And the funniest part of this story is that once we arrived, they recommended we not use their services until Hue, because although we could get off in Dong Hoi (the closest mid-sized town to the national park), it isn’t an official stop and we’d have to make our own way to Hue to catch another bus. So we ended up taking the sleeper train instead – and that was another ordeal in and of itself!

But to wrap this scene up – we made it to the Pepperhouse Homestay, our landing pad while exploring the national park. They were incredibly helpful in getting us to the caves without having to pay for an expensive tour. Relatives of theirs drove us by motorbike (we thought that best, after seeing the after-effects of Zack and Yata’s crash on Koh Tao!), and we got to kick back and enjoy the scenery of Phong Nha-Ke Bang National Park.

Next, it was on to Paradise Cave (Thiên Đường Cave) – it was “discovered” in 2005 and was opened to the public in 2010. At the time, it was considered the largest cave in the world, beating out neighboring Phong Nha Cave for the title. However, later that year, Sơn Đoòng Cave (also in the national park) was fully explored and acquired the title instead. Chandler and I had originally looked into entering that cave instead, but only 220 people are allowed inside each year (it’s only been open since 2013) and all of the 2014 slots were already full…also, it costs $3,000 per person! Significantly more than the $6 per person it cost for us to get into the world’s second largest cave – Paradise.

I barely have words to describe this cave…and I know not even the photos will do it justice. It’s the largest space I’ve ever been in, with some of the rocks as large as cars or even houses. It almost felt like we were walking in a holy space, I think we spoke in whispers the whole way through. The colours were absolutely stunning, which surprised me – I think I was just expecting gray. But instead, the walls were combinations of greens and grays, reds and yellows. We spent hours inside, simply wandering around. And we were only allowed 1 km inside (the only way to go in deeper is with a tour, significantly more expensive). Most of the time, I forgot I was underground. It never felt stifling.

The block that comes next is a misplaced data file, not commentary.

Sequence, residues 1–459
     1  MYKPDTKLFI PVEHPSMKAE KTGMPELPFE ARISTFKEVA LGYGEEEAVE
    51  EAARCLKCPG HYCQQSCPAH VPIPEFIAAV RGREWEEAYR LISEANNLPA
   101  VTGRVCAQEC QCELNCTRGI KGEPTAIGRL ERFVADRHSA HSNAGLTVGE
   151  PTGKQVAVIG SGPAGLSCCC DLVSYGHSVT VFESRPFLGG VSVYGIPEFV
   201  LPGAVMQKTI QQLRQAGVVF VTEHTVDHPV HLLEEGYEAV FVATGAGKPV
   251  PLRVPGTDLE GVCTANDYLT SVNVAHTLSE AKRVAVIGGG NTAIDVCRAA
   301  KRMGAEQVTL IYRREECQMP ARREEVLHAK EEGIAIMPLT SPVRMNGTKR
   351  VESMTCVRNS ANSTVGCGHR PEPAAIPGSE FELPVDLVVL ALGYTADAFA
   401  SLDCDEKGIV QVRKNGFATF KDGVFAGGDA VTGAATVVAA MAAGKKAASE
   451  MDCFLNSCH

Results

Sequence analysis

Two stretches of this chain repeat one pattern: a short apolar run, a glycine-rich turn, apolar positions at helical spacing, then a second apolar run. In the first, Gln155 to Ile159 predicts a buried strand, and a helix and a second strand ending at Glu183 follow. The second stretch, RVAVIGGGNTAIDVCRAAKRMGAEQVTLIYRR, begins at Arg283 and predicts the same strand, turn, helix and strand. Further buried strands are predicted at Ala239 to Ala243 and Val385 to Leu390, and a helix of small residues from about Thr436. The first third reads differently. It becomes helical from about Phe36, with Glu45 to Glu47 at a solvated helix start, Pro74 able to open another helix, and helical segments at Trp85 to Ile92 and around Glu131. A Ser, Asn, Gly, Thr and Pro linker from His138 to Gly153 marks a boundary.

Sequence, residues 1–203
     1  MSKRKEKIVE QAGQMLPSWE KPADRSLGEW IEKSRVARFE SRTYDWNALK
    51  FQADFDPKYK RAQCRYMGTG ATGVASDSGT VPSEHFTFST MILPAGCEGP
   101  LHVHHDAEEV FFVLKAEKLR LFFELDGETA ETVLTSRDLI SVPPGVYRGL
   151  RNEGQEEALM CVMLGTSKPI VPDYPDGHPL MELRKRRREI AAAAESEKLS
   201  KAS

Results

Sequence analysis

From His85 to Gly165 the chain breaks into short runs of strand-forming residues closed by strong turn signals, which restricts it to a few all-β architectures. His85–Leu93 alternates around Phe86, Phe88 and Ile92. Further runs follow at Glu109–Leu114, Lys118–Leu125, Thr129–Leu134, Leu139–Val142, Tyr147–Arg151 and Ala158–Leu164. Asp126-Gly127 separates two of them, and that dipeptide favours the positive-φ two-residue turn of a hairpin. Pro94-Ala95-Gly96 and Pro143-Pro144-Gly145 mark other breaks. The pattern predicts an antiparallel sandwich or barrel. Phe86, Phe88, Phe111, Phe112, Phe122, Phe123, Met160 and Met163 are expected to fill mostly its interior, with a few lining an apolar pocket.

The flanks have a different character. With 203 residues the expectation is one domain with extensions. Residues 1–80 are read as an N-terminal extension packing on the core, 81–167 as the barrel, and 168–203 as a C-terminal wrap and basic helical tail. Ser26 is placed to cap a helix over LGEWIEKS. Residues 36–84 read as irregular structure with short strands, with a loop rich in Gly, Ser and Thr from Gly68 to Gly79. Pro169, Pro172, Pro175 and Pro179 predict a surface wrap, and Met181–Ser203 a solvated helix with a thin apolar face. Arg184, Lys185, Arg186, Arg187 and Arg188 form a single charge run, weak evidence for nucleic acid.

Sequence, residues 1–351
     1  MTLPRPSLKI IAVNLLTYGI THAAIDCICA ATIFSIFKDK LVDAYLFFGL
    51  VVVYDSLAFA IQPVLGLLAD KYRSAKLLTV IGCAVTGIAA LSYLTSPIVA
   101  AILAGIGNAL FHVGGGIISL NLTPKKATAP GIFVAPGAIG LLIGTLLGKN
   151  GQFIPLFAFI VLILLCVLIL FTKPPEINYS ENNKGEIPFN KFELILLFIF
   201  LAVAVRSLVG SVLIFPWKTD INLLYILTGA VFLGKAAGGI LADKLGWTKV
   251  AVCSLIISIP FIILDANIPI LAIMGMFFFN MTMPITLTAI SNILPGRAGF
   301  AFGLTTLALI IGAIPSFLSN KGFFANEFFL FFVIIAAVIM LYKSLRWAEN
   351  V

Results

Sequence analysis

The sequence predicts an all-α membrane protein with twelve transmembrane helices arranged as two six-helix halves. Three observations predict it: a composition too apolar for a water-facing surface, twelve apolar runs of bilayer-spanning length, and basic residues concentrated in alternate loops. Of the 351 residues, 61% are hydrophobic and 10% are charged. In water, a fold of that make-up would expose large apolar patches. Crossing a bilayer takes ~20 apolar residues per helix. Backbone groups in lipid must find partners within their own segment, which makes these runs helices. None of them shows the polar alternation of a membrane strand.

I was so afraid the cave wouldn’t live up to everything I was expecting from it – I had dragged a reluctant boyfriend a long way to see it – but even Chandler was blown away by its magnitude.

Phong Nha-Ke Bang National ParkParadise Cave 1Paradise Cave 2

After the grandness of Phong Nha-Ke Bang National Park, we decided to take the afternoon off and made our way to The Pub With Cold Beer. You may think the title of this bar is a joke, but at the time of its naming, it was the only place in the area that served cold beer!

While there, we met some Americans who planned on a relaxing afternoon, tubing down the river. We also met up with our new British friend (aptly named Harry) and had an impromptu volleyball game. The owner’s daughter “stole” Harry’s bicycle and rode it around as we watched the sunset. After that, it was back to the homestay for another home-cooked meal and a much needed bed.

The Pub With Cold Beer 1The Pub With Cold Beer 2Bicycling

So, I guess it’s clear why I’m labeling this week “adventure week.” I feel like we’ve been pretty active : ) And, because most of our stops in northern Vietnam were for me, Chandler has a bit more say in the south. We have royal tombs and a citadel in Hue, Hoi An’s old city, a brewhouse in Nha Trang, and HCMC’s pagodas. I’d definitely say I’m falling in love with this country…if only it weren’t for the heat! But I’m looking forward to seeing what else it has to offer.

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4 thoughts on “Kayaking and spelunking

  1. Outstanding post however , I was wondering if you could write a litte more on this topic?

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  2. Pingback: Vegetarians eat ham, right? | Stand Where I Stood